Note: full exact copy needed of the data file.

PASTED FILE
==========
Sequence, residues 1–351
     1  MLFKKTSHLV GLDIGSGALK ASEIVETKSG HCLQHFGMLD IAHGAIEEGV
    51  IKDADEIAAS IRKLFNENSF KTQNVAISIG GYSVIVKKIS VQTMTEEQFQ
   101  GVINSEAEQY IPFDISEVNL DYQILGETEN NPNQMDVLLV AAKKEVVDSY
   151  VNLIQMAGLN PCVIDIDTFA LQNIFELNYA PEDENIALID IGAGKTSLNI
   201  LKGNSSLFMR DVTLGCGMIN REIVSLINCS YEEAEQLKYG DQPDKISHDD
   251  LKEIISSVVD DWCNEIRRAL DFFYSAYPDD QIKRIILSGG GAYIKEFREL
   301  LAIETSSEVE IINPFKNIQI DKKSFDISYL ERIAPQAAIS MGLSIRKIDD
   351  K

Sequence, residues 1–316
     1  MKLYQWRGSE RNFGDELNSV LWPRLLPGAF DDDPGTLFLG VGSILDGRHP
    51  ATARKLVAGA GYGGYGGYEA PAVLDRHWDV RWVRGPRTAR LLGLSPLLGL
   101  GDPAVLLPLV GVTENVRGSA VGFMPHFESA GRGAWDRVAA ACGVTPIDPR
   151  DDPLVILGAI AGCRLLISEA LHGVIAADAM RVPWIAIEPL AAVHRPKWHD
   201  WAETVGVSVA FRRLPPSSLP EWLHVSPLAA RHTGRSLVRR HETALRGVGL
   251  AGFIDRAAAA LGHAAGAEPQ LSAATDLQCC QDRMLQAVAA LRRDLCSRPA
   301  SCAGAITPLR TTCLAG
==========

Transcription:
Sequence, residues 1–351
     1  MLFKKTSHLV GLDIGSGALK ASEIVETKSG HCLQHFGMLD IAHGAIEEGV
    51  IKDADEIAAS IRKLFNENSF KTQNVAISIG GYSVIVKKIS VQTMTEEQFQ
   101  GVINSEAEQY IPFDISEVNL DYQILGETEN NPNQMDVLLV AAKKEVVDSY
   151  VNLIQMAGLN PCVIDIDTFA LQNIFELNYA PEDENIALID IGAGKTSLNI
   201  LKGNSSLFMR DVTLGCGMIN REIVSLINCS YEEAEQLKYG DQPDKISHDD
   251  LKEIISSVVD DWCNEIRRAL DFFYSAYPDD QIKRIILSGG GAYIKEFREL
   301  LAIETSSEVE IINPFKNIQI DKKSFDISYL ERIAPQAAIS MGLSIRKIDD
   351  K

Sequence, residues 1–316
     1  MKLYQWRGSE RNFGDELNSV LWPRLLPGAF DDDPGTLFLG VGSILDGRHP
    51  ATARKLVAGA GYGGYGGYEA PAVLDRHWDV RWVRGPRTAR LLGLSPLLGL
   101  GDPAVLLPLV GVTENVRGSA VGFMPHFESA GRGAWDRVAA ACGVTPIDPR
   151  DDPLVILGAI AGCRLLISEA LHGVIAADAM RVPWIAIEPL AAVHRPKWHD
   201  WAETVGVSVA FRRLPPSSLP EWLHVSPLAA RHTGRSLVRR HETALRGVGL
   251  AGFIDRAAAA LGHAAGAEPQ LSAATDLQCC QDRMLQAVAA LRRDLCSRPA
   301  SCAGAITPLR TTCLAG